Lees Court Estate, Faversham
Related Information

Media Coverage

A selection of articles published and TV coverage in relation to Lees Court Estate.

"Her aims are to keep the estate going, by trying new crops alongside the traditional ones, but also to spread the work, to explain how and why an estate works to an increasingly urban population."

 

Kentish Express - Apr 2004

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"Countess Sondes' view is holistic:The Game Conservancy, the interrelationship of arable and non-food crops and Seeds each bring something to the estate, yet the whole is more than the sum of the parts".

 

"It is pleasing to see that Lady Sondes' concern for the countryside is contributing to maintaining a way of life and interesting to see how the diversification into new crops, a challenge for a lady left alone and with no training in farming, has opened new vistas in Kentish farming".

Tradition and Innovation in the Kent countryside - View the full article (pdf)

Kent Life - Jul 2004

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"Lady Sondes... has become one of Britain's foremost advocates of non-food farming".

Our green and pleasant land turns purple - View the full article (pdf)

The Daily Telegraph - Aug 2004

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"...the diversification elements and non-food crops for which Countess Sondes is a superb advocate."

"...we learnt enough to appreciate the Estate's position at the forefrong of cropping technology."

British Farmer and Grower - View the full article (pdf)

British Farmer and Grower - Aug 2004

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"...this singular lady of the manor threw herself into transforming the 4,500-acre Lees Court Estate into a model farm for the 21st century".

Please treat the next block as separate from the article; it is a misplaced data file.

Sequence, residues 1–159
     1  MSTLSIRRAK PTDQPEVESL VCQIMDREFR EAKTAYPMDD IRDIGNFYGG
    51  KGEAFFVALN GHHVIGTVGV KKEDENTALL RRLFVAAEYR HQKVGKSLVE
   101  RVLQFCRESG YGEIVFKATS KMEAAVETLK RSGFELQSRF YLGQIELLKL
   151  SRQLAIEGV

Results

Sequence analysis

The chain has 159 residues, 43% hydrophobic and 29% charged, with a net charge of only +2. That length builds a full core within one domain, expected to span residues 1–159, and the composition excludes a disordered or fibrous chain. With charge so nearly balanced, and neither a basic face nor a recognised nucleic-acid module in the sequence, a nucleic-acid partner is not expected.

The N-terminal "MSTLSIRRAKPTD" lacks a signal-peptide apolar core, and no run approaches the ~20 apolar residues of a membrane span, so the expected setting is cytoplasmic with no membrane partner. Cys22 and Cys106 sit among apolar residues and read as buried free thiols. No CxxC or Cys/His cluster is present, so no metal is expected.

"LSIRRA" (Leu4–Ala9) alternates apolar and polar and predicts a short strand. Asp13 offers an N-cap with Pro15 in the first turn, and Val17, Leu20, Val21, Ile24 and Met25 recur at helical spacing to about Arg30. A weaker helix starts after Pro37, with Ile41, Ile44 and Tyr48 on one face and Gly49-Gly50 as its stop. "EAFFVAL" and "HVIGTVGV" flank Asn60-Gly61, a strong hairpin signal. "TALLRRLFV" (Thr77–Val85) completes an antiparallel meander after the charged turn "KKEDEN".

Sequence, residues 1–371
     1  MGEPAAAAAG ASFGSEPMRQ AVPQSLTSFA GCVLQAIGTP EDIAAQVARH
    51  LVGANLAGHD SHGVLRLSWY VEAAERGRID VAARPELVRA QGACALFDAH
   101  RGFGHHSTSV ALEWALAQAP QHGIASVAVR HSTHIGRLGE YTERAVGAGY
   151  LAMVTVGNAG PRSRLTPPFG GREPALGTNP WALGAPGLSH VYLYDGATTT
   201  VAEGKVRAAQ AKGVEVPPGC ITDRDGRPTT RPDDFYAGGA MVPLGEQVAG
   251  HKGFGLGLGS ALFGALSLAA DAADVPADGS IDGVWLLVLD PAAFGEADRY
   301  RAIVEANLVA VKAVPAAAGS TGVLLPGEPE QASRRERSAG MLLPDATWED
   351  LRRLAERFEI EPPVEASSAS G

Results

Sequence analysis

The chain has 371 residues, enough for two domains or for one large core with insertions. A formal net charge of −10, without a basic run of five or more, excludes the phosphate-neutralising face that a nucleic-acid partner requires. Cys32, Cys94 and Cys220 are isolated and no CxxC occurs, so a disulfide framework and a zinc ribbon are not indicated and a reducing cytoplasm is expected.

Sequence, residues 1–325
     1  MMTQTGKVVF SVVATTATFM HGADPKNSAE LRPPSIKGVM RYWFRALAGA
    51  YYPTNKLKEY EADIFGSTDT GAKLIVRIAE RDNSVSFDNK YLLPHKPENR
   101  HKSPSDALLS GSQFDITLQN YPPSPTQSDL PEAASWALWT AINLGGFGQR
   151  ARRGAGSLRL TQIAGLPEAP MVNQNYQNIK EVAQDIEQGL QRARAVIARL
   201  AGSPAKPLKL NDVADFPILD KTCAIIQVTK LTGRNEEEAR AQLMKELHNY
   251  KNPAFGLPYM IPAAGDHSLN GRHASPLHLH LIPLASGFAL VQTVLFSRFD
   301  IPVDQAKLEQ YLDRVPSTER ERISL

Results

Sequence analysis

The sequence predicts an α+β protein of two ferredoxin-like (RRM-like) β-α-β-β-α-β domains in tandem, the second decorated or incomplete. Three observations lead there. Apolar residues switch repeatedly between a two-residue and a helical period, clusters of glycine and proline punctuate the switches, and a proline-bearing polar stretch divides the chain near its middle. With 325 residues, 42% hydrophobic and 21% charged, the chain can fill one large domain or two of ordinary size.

"The widow of the late swashbuckling Earl Sondes is quietly revolutionizing British farming as part of an ongoing romance".

The Countess’s Natural Harvest - View the full article (pdf)

You Magazine The Mail on Sunday - Sep 2004

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"Lees Court Estate, Kent... is being developed as a model of sustainable agriculture at the forefront of non-food crops research and production."

Fortune - View the full article (pdf)

Fortune Magazine (European Edition) - Sep 2004

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PWTV - Oct 2004

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"Determined to keep the land that her husband so loved, but mindful of the crisis in British farming, she [The Countess] began to think of alternative ways to secure its [Lees Court Estate] future. Her solution was ingenious: she pioneered the cultivation of non-food crops, such as hemp, calendula and echium for use in industry, pharmaceuticals, neutraceuticals, personal care products and bio-fuels."

"I thought of her life as a modern day fairy tale... I could see it had all the necessary ingredients."

The Lady - View the full article (pdf)

The Lady - Oct 2004

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